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Colin Graham
01-26-2007, 11:47 PM
Every time I look through my Lange book I stop at this shot. The irony is that while she's my favorite photographer, I dislike portrait photography only a little less than candid photography. (I know, it's journalism) That her work subverts my distrust of the medium isn't altogether fantastic. But it does make me wonder about the safe avenues I plod down in my own work. This shot isnt about tonality or sharpness or luminosity or all the things I strive for in my own work, yet it devastates anything I'll ever create. This picture amazes me and yet I know I could never take this picture. The woman is sagging in her own cameo frame, barely propped up by her own clenched hand, possibly the worst day she will ever know. How could I hope to meet this woman's stare? No matter how sympathetic the eye, Lange's work always seems latently confrontational, like simple yet unavoidable physical law.

Bill Hahn
01-27-2007, 08:00 PM
"End of an era in a small valley town".

Lange was fearless, and probably (like most great photographers) ruthless when it came to capturing an image. If you can find the movie "Dorothea Lange, A Visual Life" by Meg Cunningham, I highly recommend it.

But the title plays a role in our (sorry, my) reaction to the picture. Without the title, would we know that this is a funeral, and why is it the end of an era? But even without this knowledge I would find it a compelling picture....

Colin Graham
01-27-2007, 11:59 PM
Fearlessness...ruthlessness, not things that normally leap to mind when describing artist, but essential traits nonetheless and it's always good to see the whole motive.

Thanks for completing the title. I'm not sure why I didn't include the whole title. I'm a bit puzzled by it, and maybe frustrated too because it makes me want to know more about a story that I understand only a slice of.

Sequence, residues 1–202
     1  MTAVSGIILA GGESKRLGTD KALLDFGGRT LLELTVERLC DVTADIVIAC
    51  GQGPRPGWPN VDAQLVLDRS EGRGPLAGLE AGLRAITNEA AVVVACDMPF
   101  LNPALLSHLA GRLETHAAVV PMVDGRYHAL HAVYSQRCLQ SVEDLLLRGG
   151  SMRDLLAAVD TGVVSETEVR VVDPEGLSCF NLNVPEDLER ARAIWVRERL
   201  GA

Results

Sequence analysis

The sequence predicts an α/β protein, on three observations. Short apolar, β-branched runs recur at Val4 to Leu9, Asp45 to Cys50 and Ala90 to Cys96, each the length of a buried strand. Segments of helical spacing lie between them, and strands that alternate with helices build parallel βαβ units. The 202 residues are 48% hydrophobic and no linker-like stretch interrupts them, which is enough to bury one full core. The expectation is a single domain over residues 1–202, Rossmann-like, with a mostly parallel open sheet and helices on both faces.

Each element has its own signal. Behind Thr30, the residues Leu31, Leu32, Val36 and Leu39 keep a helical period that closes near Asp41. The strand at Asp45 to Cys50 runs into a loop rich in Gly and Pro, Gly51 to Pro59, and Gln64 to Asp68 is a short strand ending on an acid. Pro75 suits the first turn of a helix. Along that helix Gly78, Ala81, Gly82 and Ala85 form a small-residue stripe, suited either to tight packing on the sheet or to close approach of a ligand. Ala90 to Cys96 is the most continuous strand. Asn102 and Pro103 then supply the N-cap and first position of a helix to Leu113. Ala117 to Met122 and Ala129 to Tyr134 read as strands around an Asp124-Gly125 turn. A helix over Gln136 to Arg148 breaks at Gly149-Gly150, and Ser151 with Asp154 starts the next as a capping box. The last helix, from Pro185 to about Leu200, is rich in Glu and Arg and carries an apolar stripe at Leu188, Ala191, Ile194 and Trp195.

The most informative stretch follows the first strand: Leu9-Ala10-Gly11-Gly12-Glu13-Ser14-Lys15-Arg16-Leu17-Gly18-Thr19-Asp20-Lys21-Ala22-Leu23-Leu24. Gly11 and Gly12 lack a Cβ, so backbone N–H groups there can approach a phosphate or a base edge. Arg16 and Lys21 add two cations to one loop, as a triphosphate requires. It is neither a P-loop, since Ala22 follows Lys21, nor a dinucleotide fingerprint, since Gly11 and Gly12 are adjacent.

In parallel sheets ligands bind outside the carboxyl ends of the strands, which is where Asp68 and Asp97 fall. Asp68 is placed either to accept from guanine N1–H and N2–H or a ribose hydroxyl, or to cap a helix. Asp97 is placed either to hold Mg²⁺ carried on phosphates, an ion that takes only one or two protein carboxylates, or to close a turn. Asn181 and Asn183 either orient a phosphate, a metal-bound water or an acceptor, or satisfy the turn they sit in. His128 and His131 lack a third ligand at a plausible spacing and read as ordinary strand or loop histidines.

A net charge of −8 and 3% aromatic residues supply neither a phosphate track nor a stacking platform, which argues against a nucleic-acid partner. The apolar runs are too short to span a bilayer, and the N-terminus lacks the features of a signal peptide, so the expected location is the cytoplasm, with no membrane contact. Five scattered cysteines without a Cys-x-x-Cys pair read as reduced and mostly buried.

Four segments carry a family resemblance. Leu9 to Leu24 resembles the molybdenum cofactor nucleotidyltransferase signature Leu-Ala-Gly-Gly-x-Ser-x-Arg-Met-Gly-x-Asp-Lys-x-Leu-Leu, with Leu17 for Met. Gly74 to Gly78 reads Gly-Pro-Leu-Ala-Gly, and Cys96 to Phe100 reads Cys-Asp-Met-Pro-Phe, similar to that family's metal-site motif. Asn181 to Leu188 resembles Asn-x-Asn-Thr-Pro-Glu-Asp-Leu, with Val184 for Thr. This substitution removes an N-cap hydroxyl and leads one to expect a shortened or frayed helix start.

And thanks for the movie recommendation, I'll keep an eye out for it.

copake_ham
01-28-2007, 12:18 AM
I did a bit of a Google search on the title.

All I can find out is that is was taken ca. 1938 in CA.

As I look again at the hearse - it may be horse-drawn. Notice that the doors are hinged on the right like a carriage.

But why the "valley" reference? Central Valley perhaps and therefore a reference to the Okies? But would a dust bowl refugee have been able to afford a hearse?

Or was this a "native Californian" mourning not just a personal loss but the loss of a simpler, pre-Depression, pre-Okie way of life?

Bill Hahn
01-29-2007, 07:26 AM
You can find some more information about this photo in the following
interview (look for "Lange" once you get there).

http://www.photowings.org/pages/index.php?pgA73

Basically, John Szarkowski found out that the words "end of an era" was more of a personal observation by Lange for the widow in the photo (her husband is dead and it's the end of her life as she knew it) , and not a social observation. Then Szarkowski makes the comment about how malleable photos are, and how the makers frequently try to nail down the possible interpretations with titles, text etc.

-Bill

catem
01-29-2007, 09:32 AM
I think 'end of an era' is a good title. Whatever the woman is feeling (and how can we assume exactly what she's feeling) it will be the end of a phase.

I find her look very powerful - asking us why we are looking at her, but also asking (telling) us to look at ourselves, how we will be going through what she is going through, we will be facing death or dealing with it, just around the corner...